Close this search box.
Close this search box.
UH Andrea

From Ballet to Ballroom

By Andrea Siochi
Contributing Author
Photos Courtesy of Andrea Siochi
Young Ballerina finds love of dance at the University of Hawaii

My mom likes to say I came out of the womb with a tutu and a pair of pointe shoes. Ever since I can remember I’ve always wanted to dance. I started ballet lessons as early as I could, and this began my dance journey.

Andrea ballet1I loved ballet and it engulfed my life, I loved the technicality, the artistry, and the competitiveness. I danced at different smaller studios when I was young until the time came when I wanted to get more serious, and I began dancing at a Ballet Conservatory that taught Vaganova style (Russian style) ballet. While the environment was tough, I loved dancing at this new level. Eventually, I was dancing approximately twenty-five hours a week.

Dance was everything to me, and at around the age of thirteen or fourteen, I was considering a career in ballet. It made sense: I basically lived at the studio, I wasn’t seriously interested in any particular subject in school, dance had enveloped my whole life, and I was happy with it that way.

Unfortunately, ballet can be cutthroat and the wear and tear of dancing at this intensity began to show. In ballet, a particular body type is required for success, and I was just not born to look like that. As I got older, I noticed that I looked less and less like the other girls in my classes; this began to distress me. Slowly but surely, I began to develop a very unhealthy relationship with food and my diet. I became obsessed with what I was eating to make sure that I could look as closely as possible to how the other girls and professionals looked. This obsession and worry quickly ate away at my mental and physical well-being, so much that when I was 14, I had to completely quit ballet mid-season.

In my mind, at the time, that was it. I had hung up the pointe shoes and would never dance again. I had made the impossible decision that my health had to come first, and I could not keep dancing if it were to be this detrimental to me. I told myself I had to be done with dance forever. I clearly had no way of keeping dance in my life while also taking adequate care of myself mentally. This was a necessary step for me, but it was also an incredible loss. The way I felt when dancing was irreplaceable.

From the time when I was fourteen to my freshman year of college, I did not step foot into a dance studio. As the years passed, I had concluded that I was done with dance, and I had come to terms with it. I had more time to focus on school and be with my family and friends, but there always seemed to be something missing in my life.

Andrea and her partner, Alexander Picken, dancing for the University of Hawaii at the 2024 USA Dance Nationals Championships.

It was mid-October of 2023 when one of my friends started attending the Ballroom Club at the University of Hawai’i, where we go to school, and she was insistent that I join her at least once. I remember her telling me that it was so much fun, and she was sure I would love it. I was reluctant to go at first. I had dance experience, but I had never taken a single ballroom class, so going to a club sounded terrifying. Eventually, she wore me down and convinced me to go just once. Immediately I was hooked. I hadn’t been able to dance for the past couple of years and I didn’t even realize how much I had been missing it from my life.  With ballroom, something just clicked, and I knew I had to come back for more.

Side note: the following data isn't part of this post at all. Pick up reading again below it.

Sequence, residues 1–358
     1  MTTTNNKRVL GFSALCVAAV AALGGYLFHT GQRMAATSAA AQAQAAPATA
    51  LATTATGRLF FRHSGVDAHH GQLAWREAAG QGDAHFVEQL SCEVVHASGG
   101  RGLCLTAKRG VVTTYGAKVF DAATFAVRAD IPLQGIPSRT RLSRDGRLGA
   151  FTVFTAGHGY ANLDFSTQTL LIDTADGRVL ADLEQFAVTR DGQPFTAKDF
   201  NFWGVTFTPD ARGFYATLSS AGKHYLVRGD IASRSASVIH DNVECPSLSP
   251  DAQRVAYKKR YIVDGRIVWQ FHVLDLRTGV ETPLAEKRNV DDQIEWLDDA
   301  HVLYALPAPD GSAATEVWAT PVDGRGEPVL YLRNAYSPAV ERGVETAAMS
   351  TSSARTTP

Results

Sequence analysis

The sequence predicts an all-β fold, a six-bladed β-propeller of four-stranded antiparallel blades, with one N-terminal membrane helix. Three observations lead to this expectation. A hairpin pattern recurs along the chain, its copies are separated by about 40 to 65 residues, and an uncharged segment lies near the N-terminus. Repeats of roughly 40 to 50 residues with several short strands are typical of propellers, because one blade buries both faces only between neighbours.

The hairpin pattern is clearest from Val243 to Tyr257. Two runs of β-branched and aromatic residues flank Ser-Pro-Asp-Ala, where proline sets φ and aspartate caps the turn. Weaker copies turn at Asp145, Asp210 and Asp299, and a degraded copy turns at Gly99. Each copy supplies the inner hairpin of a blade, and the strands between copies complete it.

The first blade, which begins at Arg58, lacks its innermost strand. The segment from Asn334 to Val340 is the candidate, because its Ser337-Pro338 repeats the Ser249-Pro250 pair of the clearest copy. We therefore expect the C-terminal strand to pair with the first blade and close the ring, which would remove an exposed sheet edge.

Andrea and her partner, Christopher Ramirez, demonstrate their Waltz Promenade.

Quickly after I joined, I started going to the team practices on Sunday.  Then I started practicing with my partner more during the week. Eventually, I was able to start performing with the ballroom team.  I attended my first competition and even decided to go to this year’s USA Dance Nationals.

I began to dance more and more to get ready for Nationals. I would be going with about six months of Ballroom experience under my belt, so I wanted to make sure I was as prepared as possible. Slowly but surely ballroom began to fill my life the way ballet had before, but this time it was different.

Andrea and Christopher photo bombed by their University of Hawaii Ballroom Team coach, Ravi Narayan.

My coaches, Ravi Narayan and Synthia Sumukti are a key reason why I can dance again. They have created an environment that allows for both the competitiveness and excellence that I craved while also supporting everyone on the team as an individual. I feel that ballroom has given me a way to dance while also prioritizing myself and my health. I see myself continuing with ballroom for as long as I possibly can.

Looking back, it is evident to me how deeply ingrained dance is in who I am as a person. I am incredibly grateful to my coaches as well as all my teammates for giving me the ability to have dance in my life again.

“Looking back, it is evident to me how deeply ingrained dance is in who I am as a person.”

Would you like to read another interesting Ballet to Ballroom story.  Catch the American Dancer’s “Professional in the Spotlight” story of Sandra FortunaSandra Fortuna – Ballet to Ballroom.

2024 National Champions!

Competitions 2024-25

Most Popular

Social Media

Recent Posts